It’s worked. Salazar has 48 strikeouts against 13 walks in 38.1 innings over his last eight outings, which have ranged in duration from 10 to 18 outs, from 16 to 25 batters faced. He’s only faced 160 total batters over that stretch, making that strikeout rate eye-popping.

Wednesday night, he should be about an 11-out guy, in my opinion. I’d want him to keep the bullpen’s task manageable, but to get out of there before facing what are sure to be some tough lefty bats a third time. Though his splits have been small this season, his heat-and-slider mix belies them. David DeJesus, Matt Joyce and company could make life tough on him. Francona should make it clear to Salazar ahead of time that nothing need be held in reserve for a fifth inning of work, and that getting through those guys without giving up early runs is the only priority.

After Salazar, I think the Indians should go to Scott Kazmir. He pitched Saturday, and with both Kluber and McAllister more fully rested, that makes him an unconventional choice. It would be the right one, though. Kazmir is a lefty, which means two things:

  1. He could either neutralize or force the removal of some of those lefties with whom Joe Maddon is sure to stack the batting order; and
  2. Starting him in either of the first two games of a hypothetical ALDS in Boston is out of the question, anyway.

That’s the right way to manage the personnel in this situation. Using Kazmir would both maximize the matchup advantage for the Indians in the middle innings and make beating Boston more realistic if they win.

The Rays should use a similar tack. While Alex Cobb, with his low-90s heat and changeup-curveball mix, is not Salazar for platoon vulnerability, he’s not quite the kind of dominant arm that demands full usage in a game like this. The Indians will almost certainly start Jason Giambi and Lonnie Chisenhall against him, along with full-time lefties Michael Bourn, Michael Brantley and Jason Kipnis.

Matt Moore should be for the Rays what Kazmir is for the Indians. He can come in and turn around some switch-hitters, and will also either set Cleveland at an offensive disadvantage or force Francona to fire his right-handed bench bullets (Ryan Raburn and Mike Aviles, especially) earlier than he would like. Moore has a certain pedigree, some shiny numbers racked up this season that recommend him as a Game 1 option in the ALDS, but again, sending a lefty in to face Boston at Fenway is self-immolation in action. Moore should help ensure the Rays reach Boston; Hellickson can try to help them sneak a win there.

The Starting Lineups

Tampa Bay Rays at Cleveland Indians – Optimal Lineups

Rays

Indians

David DeJesus – CF

Michael Bourn – CF

Wil Myers – RF

Nick Swisher – RF

Ben Zobrist – 2B

Jason Kipnis – 2B

Evan Longoria – 3B

Carlos Santana – 1B

Matt Joyce – DH

Michael Brantley – LF

Kelly Johnson – LF

Yan Gomes – C

James Loney – 1B

Jason Giambi – DH

Yunel Escobar – SS

Asdrubal Cabrera – SS

Jose Lobaton – C

Lonnie Chisenhall – 3B

I don’t know what the lineups will look like; this is just what I think they should look like.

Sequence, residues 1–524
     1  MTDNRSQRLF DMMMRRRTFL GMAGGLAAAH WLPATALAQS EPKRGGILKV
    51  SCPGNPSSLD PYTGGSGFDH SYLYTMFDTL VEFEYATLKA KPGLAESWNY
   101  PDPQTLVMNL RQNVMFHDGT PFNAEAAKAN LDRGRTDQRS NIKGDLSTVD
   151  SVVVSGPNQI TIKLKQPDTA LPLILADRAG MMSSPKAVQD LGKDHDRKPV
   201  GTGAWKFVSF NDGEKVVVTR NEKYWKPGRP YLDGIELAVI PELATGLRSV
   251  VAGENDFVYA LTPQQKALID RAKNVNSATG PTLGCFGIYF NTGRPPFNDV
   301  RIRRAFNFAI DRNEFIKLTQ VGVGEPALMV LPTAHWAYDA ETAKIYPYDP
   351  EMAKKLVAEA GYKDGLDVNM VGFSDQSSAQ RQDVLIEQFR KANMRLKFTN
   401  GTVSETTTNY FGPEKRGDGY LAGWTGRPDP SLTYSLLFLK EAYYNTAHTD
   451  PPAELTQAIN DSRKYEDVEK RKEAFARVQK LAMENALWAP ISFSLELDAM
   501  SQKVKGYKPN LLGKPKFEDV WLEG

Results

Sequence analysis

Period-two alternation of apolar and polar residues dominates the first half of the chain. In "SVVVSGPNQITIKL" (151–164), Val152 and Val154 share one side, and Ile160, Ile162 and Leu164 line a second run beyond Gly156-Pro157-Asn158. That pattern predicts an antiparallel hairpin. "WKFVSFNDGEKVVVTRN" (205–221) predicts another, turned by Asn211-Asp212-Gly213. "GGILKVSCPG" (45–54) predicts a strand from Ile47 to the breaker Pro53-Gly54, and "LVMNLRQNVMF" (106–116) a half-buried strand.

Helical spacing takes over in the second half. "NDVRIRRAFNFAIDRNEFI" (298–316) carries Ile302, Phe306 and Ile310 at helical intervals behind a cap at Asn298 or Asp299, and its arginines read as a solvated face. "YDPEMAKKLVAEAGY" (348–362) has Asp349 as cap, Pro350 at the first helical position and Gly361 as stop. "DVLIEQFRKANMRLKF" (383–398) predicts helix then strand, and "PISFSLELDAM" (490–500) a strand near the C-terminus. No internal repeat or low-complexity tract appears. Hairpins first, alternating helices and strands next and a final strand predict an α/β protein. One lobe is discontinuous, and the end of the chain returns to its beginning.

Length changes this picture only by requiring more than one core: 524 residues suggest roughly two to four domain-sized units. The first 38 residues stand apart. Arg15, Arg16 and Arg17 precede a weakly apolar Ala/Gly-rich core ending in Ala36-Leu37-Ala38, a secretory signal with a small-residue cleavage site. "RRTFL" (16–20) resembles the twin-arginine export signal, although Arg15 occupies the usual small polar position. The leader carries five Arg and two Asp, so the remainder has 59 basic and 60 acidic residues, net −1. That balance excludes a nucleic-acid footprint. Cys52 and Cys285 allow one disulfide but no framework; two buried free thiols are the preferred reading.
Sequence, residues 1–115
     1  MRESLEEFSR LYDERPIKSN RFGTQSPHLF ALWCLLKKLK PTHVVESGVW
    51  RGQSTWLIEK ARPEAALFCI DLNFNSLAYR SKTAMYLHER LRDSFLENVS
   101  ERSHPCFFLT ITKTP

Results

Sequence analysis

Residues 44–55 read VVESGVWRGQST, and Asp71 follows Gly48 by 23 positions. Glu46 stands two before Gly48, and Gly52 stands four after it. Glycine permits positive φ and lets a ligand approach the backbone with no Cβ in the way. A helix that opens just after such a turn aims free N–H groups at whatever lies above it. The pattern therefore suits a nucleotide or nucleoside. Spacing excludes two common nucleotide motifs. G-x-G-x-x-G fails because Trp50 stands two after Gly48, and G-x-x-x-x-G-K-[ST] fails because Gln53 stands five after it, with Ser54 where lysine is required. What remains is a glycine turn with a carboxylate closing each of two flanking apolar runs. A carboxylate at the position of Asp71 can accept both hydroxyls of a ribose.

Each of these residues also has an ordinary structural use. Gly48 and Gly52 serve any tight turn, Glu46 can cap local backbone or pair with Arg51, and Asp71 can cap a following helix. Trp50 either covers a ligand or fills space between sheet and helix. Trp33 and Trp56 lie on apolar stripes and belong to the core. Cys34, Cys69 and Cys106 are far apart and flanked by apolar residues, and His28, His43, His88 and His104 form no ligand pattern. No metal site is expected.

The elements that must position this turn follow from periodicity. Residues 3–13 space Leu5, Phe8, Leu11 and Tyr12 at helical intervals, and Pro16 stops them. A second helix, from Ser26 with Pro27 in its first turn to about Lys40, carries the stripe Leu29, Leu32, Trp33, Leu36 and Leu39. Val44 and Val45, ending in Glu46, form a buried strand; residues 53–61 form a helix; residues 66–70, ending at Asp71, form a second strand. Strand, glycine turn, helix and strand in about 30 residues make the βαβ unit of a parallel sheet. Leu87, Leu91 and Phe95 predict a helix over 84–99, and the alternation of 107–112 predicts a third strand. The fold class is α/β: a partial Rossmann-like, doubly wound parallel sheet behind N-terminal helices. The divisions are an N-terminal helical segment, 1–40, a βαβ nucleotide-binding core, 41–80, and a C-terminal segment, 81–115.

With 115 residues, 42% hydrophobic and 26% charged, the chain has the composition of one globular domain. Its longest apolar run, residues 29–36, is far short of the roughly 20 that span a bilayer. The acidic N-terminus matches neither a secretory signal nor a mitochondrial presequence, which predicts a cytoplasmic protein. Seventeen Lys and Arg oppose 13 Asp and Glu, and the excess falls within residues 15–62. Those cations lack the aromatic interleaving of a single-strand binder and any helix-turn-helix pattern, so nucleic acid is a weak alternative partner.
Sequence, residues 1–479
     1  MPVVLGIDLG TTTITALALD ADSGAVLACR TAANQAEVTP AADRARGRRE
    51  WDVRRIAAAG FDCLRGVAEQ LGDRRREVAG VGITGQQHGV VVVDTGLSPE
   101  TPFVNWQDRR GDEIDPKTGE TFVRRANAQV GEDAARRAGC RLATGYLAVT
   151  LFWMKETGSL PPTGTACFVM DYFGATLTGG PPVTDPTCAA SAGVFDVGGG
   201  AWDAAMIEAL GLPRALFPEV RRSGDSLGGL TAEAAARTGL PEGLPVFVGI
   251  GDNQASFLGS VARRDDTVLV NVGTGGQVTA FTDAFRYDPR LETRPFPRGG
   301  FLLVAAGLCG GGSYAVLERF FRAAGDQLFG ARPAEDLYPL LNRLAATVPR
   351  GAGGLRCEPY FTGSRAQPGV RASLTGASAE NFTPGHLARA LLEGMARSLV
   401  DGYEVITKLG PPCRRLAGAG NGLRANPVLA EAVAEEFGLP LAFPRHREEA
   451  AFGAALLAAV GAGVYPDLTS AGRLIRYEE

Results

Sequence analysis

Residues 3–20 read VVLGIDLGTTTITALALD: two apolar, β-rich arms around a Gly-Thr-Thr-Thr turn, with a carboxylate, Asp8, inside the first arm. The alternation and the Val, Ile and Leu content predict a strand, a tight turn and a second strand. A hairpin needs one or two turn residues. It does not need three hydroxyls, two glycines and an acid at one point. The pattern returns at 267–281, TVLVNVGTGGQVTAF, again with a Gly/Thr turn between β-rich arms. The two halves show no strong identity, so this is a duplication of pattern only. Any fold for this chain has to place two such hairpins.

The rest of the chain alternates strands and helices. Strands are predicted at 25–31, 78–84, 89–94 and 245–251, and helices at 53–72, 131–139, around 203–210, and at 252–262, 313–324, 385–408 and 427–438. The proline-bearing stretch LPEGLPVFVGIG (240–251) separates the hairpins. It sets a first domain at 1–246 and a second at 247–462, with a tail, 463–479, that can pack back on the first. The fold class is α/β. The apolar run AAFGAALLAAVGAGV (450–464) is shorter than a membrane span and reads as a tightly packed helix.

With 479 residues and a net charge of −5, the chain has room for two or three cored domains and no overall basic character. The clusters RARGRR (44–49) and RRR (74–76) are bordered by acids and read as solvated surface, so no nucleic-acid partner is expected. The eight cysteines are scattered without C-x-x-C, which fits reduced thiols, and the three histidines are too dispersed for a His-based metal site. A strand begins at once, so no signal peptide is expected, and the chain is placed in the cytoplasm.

Swisher, Kipnis, Santana and Gomes aren’t helpless against righties, but they kill lefties. Kill them. If the Rays are to use Moore, they’ll have to do so carefully. Actually, the split stats make a pretty strong case for staying as right-handed as possible on the mound, if you’re the Rays. On the other hand, Progressive Field is one of the toughest parks in the league on right-handed power, so those lefty mashers aren’t exactly well-positioned to avail themselves of their own greatest strengths.

The Rays will use Young, Jennings and Sean Rodriguez to hit back if the Indians go to a lefty out of the bullpen, so stringing together Joyce, Johnson and Lpney isn’t a problem.

Lobaton versus Molina is an interesting dilemma. On the one hand, it’s easier to identify and exploit a high-leverage plate appearance than to find the right time to make a defensive substitution. That argues for Molina to start, and to wait to need Lobaton. On the other hand, if Joe Maddon is going to have any compunction about burning his backup catcher by pinch-hitting in the fifth frame, that big offensive moment might pass without the Rays being able to take advantage. It’s also true that freezing the running game, Molina’s specialty, has higher value in those late-game moments when a steal can significantly change the win expectancy. All things considered, I went with Lobaton to start.

The Bullpens

Neither of these units has the guys who throw 99 with vicious sliders but can’t grow a goatee yet. They’re veteran, crafty groups. The Rays have a slight edge, for me, because they have short-burst lefties (Alex Torres and Wesley Wright) who can get a crucial out. The Indians might be able to clear the lefties from the heart of the Rays order by bringing on Kazmir, but if they can’t, Chris Perez or Justin Masterson could end up facing David DeJesus or James Loney with the game on the line, and that’s a problem. It’s also worth noting that the Rays will have Luke Scott still on the bench, in case he’s needed to pinch-hit for a pinch-hitter.

The Managers

I love Joe Maddon and Terry Francona. They’re the game’s best active managers. They each have rosters that offer plenty of buttons to push, plenty of options, and that should make for a delightful chess match. There’s very little reason to fear that either guy will stick with his starter too long, or feel obligated to bring in his Closer and leave him in with a two-run ninth inning lead, matchups be damned. There’s almost no risk of a foolish sacrifice bunt or a medium-risk, low-reward stolen-base attempt. The game could go long, but it shouldn’t be boring.

The Possible Outcomes

I think this game is a race to an early lead. Neither offense is going to go off or string together a bunch of extra-base hits. Forcing the other team to change its gameplan, whether for pitcher usage or bench deployment, gives the team with the lead the hammer. I’ll take the Rays, for reasons of both superior depth and more flexibility.